The Mercury Head dime was created in 1916. At the time, the general public was unhappy with the coin designs in circulation. They had been struck since 1892 and were designed by Mint Chief Engraver Charles E. Barber. They featured the same obverse for the half dollar, quarter, and dime denominations, which was considered ugly.
Barber has designed the quarter, dime, and half dollar in response to a failed design competition. The competition, which took place in 1892, was created to replace the Seated Liberty coinage that had been struck since 1830. The Mint had initially invited specific artists to take part in the competition, but the rewards for the winning designs were so small that none of the artists accepted the invitation. The competition then became open to the public, but the judges found no suitable designs. Mint Director Edward Leech then assigned Barber to create the new designs. The public was immediately dissatisfied with the designs.
Only two years before the creation of the Barber designs, in 1890, a law had been enacted that stated that changes could not be made to a coin design without approval from congress more frequently than every 25 years. Since the coins’ designs had been created in 1892, the year 1916 was the Mint’s first opportunity to create a new design, which they took.
In April of 1915, the new Mint Director, Robert W. Woolley asked Barber to create new designs. The goal of the Mint was to have a distinct design for each coin. At the time all of the Barber coins were almost identical. After looking over Barber’s new designs, Woolley and the Commission of Fine Arts decided that they didn’t like any of them and asked three sculptors to submit designs instead: Adolph A. Wienman, Albin Polasek, and Hermon A, MacNeil.
Hermon A. MacNeil was a sculptor from Massachusetts. He was greatly inspired by Native Americans and had created several important works based on them. He graduated from Massachusetts Normal Art School and became a teacher of industrial art at Cornell University. After spending a few years as a pupil in France, MacNeil returned to America to compete in and win several important competitions.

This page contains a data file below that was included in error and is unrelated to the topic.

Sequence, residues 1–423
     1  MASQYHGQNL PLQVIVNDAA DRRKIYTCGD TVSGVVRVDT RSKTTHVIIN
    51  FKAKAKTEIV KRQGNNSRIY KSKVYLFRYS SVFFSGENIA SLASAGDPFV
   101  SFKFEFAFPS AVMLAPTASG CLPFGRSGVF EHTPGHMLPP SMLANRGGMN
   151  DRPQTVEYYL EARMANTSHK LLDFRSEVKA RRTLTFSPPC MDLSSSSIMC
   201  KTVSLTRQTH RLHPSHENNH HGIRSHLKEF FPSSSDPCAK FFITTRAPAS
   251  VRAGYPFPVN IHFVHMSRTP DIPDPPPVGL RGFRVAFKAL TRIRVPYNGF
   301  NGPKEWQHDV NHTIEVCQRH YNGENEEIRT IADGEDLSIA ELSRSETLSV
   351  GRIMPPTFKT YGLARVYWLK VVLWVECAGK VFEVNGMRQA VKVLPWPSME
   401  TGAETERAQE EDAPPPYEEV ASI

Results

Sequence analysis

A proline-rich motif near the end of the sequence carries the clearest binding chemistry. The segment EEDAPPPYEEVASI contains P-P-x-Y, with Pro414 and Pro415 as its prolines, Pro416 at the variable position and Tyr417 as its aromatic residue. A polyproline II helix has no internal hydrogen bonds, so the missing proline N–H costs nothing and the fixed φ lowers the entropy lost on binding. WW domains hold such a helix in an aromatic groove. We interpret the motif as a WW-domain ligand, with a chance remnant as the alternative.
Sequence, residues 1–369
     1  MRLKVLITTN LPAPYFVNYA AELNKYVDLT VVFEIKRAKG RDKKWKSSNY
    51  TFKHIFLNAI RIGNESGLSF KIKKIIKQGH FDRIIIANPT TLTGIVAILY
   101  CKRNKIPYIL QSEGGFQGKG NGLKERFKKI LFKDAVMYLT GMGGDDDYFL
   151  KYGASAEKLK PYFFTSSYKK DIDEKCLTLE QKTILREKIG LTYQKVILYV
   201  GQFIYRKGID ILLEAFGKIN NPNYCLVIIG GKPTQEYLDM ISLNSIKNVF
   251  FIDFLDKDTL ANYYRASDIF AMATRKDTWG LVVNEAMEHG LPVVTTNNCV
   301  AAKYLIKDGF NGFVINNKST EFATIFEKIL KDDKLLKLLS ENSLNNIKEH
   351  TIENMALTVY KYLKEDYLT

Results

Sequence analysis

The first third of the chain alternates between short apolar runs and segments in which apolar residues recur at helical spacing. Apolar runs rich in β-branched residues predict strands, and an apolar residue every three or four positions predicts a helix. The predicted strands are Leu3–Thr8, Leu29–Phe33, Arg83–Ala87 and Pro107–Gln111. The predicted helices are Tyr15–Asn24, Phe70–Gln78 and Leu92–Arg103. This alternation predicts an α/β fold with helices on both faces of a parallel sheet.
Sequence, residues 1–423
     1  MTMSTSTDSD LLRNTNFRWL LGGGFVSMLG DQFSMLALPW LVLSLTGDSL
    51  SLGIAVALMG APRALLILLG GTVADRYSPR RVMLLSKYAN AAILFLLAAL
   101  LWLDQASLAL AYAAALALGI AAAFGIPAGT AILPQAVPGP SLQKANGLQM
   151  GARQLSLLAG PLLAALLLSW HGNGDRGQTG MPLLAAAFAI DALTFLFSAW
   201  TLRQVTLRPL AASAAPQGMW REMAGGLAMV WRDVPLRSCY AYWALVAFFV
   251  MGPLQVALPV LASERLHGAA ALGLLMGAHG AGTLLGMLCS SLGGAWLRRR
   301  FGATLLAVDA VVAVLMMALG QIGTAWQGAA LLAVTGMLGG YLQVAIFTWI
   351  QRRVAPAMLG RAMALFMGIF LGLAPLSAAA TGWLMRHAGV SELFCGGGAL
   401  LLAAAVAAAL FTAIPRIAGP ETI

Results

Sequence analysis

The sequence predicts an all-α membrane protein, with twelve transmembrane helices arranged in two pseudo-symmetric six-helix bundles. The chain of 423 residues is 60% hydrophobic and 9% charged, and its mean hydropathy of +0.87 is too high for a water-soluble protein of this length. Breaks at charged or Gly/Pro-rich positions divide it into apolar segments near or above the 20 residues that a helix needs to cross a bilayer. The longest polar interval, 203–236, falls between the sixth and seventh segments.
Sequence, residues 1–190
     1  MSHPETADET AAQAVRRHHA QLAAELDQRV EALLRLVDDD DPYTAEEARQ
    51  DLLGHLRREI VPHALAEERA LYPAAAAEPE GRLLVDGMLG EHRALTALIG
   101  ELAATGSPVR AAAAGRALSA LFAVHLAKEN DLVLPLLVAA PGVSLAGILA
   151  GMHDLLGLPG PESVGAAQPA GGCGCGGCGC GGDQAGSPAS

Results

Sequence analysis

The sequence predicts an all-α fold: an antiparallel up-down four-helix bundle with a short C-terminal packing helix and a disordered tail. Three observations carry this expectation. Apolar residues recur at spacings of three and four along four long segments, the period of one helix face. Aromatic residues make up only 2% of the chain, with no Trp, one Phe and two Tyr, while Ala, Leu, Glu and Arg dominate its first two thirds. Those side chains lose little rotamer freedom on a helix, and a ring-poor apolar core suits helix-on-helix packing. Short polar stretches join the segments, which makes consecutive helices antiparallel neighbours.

Born in modern-day Czech Republic, Albin Polasek immigrated to the US when he was 22. After being a wood carver in Vienna, Polasek decided to begin formal art training at the Pennsylvania Academy of the Fine Arts. After winning various awards for his works, Polasek was invited to head the sculpture department of the Art Institute of Chicago, where he stayed for almost 30 years.
Adolph A. Weinman was born in Germany and immigrated to the US with his family at the age of 14. At only 15, he studied at the Art Students League of New York. He served as an assistant to several artists before opening his own studio in 1904. Later in life, he served on the US Commission of Fine Arts and was the president of the National Sculpture Society.
Once the artists submitted their designs, they met with Woolley in New York to discuss them. Originally, Weinman’s designs for the whole dime, the whole half dollar, and the reverse of the quarter and MacNeil’s design for the obverse of the quarter were selected, but members of the Commission of Fine Arts convinced Woolley that it was too much work for Weinman. Ultimately, Weinman was selected to design the whole dime and whole half dollar. MacNeil was selected to the design the whole quarter. None of Polasek’s designs were selected.